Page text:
Researchers in the UK have been awarded funding totalling £6 million to advance next-generation solar technologies into new applications that current technologies are not suitable for. These organic and perovskite solar cells have the advantages of being flexible, lightweight, cheaper to produce and can be printed onto products during manufacturing processes, making them suitable for more applications than traditional solar cells. They will be critical to advances, including zero carbon buildings and vehicles, which could use their roofs, walls and windows to generate power, as well as the Internet of Things (IoT) for which sensors and computing devices are embedded into everyday objects. The team at Swansea University, Imperial College London and the University of Oxford aim to develop low carbon, low cost manufacturing methods that will enable the solar technologies to be produced at scale and develop prototypes to show how they can provide solar power in new applications.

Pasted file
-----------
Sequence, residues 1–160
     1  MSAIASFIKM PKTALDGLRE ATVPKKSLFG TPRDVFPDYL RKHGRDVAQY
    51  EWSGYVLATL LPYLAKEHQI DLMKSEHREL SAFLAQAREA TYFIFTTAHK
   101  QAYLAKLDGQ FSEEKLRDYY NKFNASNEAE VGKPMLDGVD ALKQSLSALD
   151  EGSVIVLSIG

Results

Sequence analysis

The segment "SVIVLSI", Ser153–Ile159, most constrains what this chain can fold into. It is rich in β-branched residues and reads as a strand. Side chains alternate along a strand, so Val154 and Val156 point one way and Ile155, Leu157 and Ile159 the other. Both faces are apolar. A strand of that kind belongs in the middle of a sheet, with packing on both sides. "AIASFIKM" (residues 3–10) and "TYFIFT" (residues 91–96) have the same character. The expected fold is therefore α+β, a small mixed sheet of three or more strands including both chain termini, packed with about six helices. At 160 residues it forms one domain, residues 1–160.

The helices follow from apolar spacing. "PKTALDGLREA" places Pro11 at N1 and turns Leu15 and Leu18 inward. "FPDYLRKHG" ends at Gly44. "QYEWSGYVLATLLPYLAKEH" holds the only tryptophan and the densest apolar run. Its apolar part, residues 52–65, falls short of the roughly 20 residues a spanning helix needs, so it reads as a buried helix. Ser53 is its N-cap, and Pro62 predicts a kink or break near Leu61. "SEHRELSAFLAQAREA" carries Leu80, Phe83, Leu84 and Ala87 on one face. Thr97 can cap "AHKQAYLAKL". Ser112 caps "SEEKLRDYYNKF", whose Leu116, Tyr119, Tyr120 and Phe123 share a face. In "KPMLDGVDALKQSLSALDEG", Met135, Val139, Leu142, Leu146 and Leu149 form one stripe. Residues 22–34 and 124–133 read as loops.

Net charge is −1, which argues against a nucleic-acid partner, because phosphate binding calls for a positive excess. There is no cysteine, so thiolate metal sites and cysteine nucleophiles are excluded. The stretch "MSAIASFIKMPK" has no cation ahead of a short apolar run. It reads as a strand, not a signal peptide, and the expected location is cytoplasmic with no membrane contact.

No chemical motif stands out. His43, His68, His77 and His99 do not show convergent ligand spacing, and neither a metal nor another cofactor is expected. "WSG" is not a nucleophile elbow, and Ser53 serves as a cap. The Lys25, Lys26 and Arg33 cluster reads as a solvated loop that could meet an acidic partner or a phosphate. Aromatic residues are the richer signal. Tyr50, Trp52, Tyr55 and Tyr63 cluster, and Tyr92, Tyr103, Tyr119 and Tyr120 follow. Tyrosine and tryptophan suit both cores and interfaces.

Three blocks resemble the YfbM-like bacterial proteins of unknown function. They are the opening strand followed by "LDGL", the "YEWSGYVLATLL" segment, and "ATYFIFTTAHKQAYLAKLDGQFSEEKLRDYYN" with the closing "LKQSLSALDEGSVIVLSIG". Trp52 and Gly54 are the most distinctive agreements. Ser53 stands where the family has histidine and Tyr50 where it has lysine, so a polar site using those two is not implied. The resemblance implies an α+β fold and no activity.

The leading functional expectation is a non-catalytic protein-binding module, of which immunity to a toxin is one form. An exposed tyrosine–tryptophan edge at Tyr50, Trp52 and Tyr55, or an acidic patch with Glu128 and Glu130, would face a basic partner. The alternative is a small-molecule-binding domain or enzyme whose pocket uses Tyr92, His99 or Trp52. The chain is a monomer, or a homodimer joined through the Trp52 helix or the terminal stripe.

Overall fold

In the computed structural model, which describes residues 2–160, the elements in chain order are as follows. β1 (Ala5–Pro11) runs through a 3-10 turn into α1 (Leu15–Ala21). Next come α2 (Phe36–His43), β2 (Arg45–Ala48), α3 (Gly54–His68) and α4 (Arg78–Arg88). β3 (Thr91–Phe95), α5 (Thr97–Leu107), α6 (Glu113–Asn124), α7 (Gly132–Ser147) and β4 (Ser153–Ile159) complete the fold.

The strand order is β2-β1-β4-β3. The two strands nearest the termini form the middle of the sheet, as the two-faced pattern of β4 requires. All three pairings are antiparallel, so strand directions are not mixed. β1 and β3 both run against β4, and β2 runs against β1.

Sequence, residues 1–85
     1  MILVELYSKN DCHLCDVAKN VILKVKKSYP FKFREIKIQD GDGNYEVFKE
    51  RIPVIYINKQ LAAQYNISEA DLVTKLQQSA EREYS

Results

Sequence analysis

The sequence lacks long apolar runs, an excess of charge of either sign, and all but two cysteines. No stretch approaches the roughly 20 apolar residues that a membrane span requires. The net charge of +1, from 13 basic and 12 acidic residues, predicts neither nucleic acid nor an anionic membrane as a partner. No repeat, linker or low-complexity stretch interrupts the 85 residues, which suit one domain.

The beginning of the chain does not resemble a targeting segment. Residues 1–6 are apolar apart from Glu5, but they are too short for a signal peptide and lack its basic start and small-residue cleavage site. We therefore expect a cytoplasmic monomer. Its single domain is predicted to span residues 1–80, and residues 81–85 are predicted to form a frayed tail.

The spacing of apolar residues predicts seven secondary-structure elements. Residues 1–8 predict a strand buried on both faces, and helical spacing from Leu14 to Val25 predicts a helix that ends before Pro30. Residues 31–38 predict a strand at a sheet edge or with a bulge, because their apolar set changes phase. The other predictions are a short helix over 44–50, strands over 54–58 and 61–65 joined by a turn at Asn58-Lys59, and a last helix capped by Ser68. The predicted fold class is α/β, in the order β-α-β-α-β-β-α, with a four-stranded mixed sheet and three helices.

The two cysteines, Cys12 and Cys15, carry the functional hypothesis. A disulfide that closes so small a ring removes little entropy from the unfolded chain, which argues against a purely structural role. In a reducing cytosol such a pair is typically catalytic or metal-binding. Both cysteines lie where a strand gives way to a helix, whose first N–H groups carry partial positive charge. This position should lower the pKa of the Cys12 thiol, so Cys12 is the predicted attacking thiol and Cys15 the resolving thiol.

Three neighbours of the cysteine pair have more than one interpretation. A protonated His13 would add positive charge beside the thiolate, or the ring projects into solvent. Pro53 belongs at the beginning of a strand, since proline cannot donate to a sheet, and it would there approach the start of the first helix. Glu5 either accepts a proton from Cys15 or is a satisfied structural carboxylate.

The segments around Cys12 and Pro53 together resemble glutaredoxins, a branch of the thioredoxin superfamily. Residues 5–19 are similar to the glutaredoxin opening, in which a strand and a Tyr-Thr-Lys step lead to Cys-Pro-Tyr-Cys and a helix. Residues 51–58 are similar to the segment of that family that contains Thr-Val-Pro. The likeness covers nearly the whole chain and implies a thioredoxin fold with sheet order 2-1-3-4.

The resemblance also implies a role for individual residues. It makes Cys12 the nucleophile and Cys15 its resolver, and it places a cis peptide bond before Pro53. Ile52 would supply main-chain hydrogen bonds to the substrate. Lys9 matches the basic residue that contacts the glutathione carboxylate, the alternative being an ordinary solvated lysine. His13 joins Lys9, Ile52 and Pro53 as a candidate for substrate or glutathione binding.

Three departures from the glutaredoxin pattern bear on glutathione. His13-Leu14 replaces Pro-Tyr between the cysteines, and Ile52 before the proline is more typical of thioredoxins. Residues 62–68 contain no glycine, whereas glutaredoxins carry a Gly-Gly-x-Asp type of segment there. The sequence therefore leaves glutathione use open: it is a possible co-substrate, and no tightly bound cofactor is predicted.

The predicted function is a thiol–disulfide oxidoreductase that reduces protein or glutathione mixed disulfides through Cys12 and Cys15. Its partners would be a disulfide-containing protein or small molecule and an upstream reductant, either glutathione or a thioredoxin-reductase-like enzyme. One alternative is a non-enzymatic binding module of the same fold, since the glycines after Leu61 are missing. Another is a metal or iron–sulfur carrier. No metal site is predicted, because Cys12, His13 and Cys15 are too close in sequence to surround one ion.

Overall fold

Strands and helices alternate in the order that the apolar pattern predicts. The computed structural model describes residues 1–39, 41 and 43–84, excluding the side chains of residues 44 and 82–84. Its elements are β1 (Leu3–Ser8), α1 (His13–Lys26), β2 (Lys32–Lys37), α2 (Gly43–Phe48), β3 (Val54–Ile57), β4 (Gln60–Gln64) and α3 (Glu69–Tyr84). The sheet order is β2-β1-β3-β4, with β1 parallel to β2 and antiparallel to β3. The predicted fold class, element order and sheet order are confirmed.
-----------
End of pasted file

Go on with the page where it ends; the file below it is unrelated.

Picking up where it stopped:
Energy Live News 28th July 2020 read more »
EDF and Jinko will build the most powerful solar power plant in the world. The plant, which will be located in Abu Dhabi, United Arab Emirates, “will supply electricity to the equivalent of 160,000 local homes each year,” the two groups said in a joint statement. Commissioning is scheduled for 2022.
La Tribune 27th July 2020 read more »